By Pablo Neruda
I love you without knowing
how, or when, or from where.
I love you straightforwardly,
without complexities or pride;
so I love you because I know
no other way than this:
where I does not exist nor you,
so close that your hand
on my chest is my hand,
so close that your eyes close
as I fall asleep.
Our good pals at Gigantic Squid have done it again. And by it, we mean make us smile via seafaring creatures.
This time, Ian and company went after our own hearts with a print of a cycloptic squid, staring into our souls, wishing us a Merry Christmas. This one is taking the cake as the finest Christmas poster we've gotten.
Lest we forget to properly plug these guys, Gigantic Squid are a creative production studio out in Seattle. But above that, they are really good folks. Ian was a groomsman in our wedding and his wife was a bridesmaid. They are wonderful people and we miss the tar our out them.
Tar is a pun, too (like fresh ink, in case you missed it...), as Ian is from NC but in exile in Washington. One day we'll all live on a cul de sac together. Where we'll break out the Nog and the posters and have ourselves a merry little squidmas.
The only really crucial thing to note here about the music is that the whole thing is about the bass. People who know a lot about electronic music will disagree with me, but knowing a lot about electronic music is, these days, entirely beside the point.
The progression of a house track, and one plausible reason for house's ascendancy, goes like this: There's some twinkly pirouetting melody in the higher registers, then some bass for a while, and then the introduction of a soaring, optimistic vocal track about saving the world or, for the slightly less ambitious, having a feeling re tonight's bestness, then the simultaneous near-crescendo of the twinkles and the all-out vocal redemption, and then, right at the moment of presumed climax, the bass goes away for a few beats, everybody misses the bass so much and can't wait for it to come back, maybe the snare reintroduces itself after a few seconds to remind you to get excited for the prodigal bass's triumphal homecoming, a good DJ takes just longer than expected to bring the bass back, 20,000 or 50,000 hearts stop as one, lever arms hanging anxiously in midair, and then, when the bass kicks back in, the crowd goes out of their motherf****** minds, just like they did the time the bass disappeared and came back four minutes ago, pumping their right arms in genuinely exhilarated unison, survivors all of the briefly yet catastrophically lost bass.
The above is an excerpt from a Gideon Lewis-Kraus article on electronic music from this month's GQ. I thought it was a fine, fine paragraph. The entire thing, should you be into reading about EDM, can be found here.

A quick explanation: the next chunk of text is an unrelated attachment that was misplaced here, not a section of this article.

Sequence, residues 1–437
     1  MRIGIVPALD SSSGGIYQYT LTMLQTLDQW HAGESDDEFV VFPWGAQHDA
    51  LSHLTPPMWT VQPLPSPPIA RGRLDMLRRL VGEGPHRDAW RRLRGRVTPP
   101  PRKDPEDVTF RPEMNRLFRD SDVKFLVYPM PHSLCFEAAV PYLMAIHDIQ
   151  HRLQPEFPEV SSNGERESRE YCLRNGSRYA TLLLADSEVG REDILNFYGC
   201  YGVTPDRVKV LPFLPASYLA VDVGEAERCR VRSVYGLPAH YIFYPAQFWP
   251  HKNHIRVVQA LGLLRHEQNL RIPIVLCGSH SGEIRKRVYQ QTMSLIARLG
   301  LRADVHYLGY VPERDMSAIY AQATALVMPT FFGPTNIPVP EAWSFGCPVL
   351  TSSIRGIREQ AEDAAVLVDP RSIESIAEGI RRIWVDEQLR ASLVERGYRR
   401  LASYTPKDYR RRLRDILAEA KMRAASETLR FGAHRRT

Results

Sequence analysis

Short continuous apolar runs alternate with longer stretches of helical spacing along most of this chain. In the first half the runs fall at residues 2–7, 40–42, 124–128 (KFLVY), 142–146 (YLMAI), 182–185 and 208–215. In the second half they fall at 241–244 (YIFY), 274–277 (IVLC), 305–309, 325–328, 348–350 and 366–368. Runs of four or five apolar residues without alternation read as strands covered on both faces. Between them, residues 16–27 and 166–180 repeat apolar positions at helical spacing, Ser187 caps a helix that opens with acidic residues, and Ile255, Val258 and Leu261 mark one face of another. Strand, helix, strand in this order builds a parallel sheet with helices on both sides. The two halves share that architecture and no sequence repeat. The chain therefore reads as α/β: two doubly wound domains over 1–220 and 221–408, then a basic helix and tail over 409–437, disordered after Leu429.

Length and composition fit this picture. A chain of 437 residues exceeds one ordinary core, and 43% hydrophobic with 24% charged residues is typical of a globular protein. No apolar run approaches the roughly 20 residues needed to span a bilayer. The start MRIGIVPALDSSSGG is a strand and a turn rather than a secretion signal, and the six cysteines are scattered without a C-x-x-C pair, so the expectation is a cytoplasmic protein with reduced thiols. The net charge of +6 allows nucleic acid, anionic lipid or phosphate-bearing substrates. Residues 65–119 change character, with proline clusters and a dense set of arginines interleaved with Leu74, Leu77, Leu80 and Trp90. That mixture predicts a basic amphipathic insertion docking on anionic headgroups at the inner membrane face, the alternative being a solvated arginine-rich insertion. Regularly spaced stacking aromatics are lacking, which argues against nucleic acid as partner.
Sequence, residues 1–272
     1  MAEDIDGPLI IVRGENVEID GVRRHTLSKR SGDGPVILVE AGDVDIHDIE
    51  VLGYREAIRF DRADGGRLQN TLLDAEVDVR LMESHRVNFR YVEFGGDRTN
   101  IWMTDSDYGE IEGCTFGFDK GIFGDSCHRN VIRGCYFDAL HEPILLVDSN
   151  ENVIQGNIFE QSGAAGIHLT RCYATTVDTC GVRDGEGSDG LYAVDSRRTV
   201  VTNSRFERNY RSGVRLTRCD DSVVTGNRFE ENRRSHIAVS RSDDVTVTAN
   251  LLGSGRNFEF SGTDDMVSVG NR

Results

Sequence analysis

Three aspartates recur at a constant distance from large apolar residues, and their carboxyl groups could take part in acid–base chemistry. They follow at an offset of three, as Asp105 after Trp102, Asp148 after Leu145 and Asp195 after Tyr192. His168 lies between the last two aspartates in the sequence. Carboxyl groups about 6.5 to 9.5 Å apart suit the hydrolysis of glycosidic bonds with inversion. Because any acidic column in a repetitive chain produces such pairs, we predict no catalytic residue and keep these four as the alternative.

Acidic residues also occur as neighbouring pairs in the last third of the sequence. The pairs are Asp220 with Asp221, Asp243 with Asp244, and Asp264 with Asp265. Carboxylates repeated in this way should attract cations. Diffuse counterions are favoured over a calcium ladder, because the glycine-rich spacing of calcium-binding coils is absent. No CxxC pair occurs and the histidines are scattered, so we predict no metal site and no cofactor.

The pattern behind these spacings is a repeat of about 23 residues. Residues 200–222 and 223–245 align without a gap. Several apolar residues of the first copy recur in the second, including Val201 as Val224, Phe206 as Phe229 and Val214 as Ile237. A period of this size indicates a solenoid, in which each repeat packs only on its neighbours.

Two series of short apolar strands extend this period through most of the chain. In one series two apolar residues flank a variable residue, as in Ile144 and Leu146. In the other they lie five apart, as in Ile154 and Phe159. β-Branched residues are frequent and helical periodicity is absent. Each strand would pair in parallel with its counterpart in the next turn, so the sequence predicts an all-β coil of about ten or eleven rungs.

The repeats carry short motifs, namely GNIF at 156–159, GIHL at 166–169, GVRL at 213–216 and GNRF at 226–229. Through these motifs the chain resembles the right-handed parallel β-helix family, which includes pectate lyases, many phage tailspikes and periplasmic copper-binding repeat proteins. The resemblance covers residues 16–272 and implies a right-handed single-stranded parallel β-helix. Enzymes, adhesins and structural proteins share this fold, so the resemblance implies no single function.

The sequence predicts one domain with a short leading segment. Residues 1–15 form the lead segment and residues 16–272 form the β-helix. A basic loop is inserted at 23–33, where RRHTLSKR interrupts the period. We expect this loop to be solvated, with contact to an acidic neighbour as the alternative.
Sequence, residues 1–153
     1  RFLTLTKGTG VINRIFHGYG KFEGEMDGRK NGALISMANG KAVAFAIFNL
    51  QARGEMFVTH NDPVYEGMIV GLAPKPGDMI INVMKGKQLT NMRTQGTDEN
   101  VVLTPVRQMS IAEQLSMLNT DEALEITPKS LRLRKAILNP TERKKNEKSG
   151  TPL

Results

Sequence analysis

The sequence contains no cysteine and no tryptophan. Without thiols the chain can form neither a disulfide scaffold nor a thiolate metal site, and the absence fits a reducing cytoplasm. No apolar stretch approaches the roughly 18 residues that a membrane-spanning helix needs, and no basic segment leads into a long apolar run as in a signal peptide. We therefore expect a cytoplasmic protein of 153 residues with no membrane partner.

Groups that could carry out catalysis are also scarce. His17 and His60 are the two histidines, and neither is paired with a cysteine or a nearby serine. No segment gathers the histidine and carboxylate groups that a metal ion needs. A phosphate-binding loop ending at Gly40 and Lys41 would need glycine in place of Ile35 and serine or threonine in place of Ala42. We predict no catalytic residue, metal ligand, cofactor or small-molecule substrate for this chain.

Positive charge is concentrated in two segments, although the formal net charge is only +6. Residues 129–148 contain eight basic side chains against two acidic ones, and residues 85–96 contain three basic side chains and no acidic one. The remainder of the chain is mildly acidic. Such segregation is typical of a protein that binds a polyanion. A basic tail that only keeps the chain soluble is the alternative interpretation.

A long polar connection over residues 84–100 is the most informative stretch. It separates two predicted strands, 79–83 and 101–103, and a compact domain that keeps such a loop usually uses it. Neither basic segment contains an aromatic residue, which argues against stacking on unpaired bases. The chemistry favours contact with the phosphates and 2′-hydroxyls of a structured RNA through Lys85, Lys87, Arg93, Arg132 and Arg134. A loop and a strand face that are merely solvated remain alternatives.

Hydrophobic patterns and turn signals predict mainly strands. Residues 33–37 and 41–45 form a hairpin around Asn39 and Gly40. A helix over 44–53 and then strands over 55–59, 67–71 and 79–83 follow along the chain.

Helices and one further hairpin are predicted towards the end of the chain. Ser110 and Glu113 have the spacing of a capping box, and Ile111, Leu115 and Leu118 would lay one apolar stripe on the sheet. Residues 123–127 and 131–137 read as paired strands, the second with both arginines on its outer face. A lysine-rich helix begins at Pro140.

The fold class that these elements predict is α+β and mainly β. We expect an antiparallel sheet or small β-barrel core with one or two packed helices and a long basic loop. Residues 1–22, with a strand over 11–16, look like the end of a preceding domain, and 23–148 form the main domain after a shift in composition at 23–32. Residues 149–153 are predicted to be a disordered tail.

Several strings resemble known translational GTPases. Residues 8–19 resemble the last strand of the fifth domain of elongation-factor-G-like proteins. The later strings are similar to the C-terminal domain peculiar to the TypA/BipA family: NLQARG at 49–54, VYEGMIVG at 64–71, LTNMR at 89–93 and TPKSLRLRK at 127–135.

Well, technically not a home, but Pebble + Pine of Dallas has a couple of prints hanging around that I saw thanks to a really great writeup on Red Clay Soul. Looks like an amazing space with a good slant: American-made golf and lifestyle boutique.
And I tell you, after seeing the shots, I kinda want to take a trip to Dallas and also take up golf.
Maybe we should start a section called Prints Going Commercial. Maybe not, though.
Can't let today pass without a something: So here's the thing.
The 12th order we get today, 12/12/12, after 12:12 EST will get their order for free. But I don't want to be out $1200 dollars, so we're gonna cap the booty at $250.
There you have it. Time it well and you, my friend, will be up at least two turtle doves and some amount of maidens milking...
Days like today make me so dang excited. Is it because it's the weekend? Partially. Because I'm working from home, thus still in worn blue jeans and an old flannel? Partially. Because I'm cranking a Mogwai remix so loud because my upstairs neighbors are at work? Prolly.
But mainly cause several months of work have culminated in the release of a collaboration with Starboard Clothing Co. out of Annapolis. They are great folks and at this point pretty good friends and so we teamed up with them to make a bow tie. But not just any bow.
The Bow Try. No. 1.
Bow try, of course, cause it is word play, and I love a good word play. No. 1 for I have a feeling there will be a No. 2. Cause when you make an American Made tie, in a small batch, with a handsome fabric and a diamond point, well, she's gonna go fast.
We only made 30, and a third are already gone this morning. Tie up the week nicely, yeah?
From one G.L. in Wisconsin: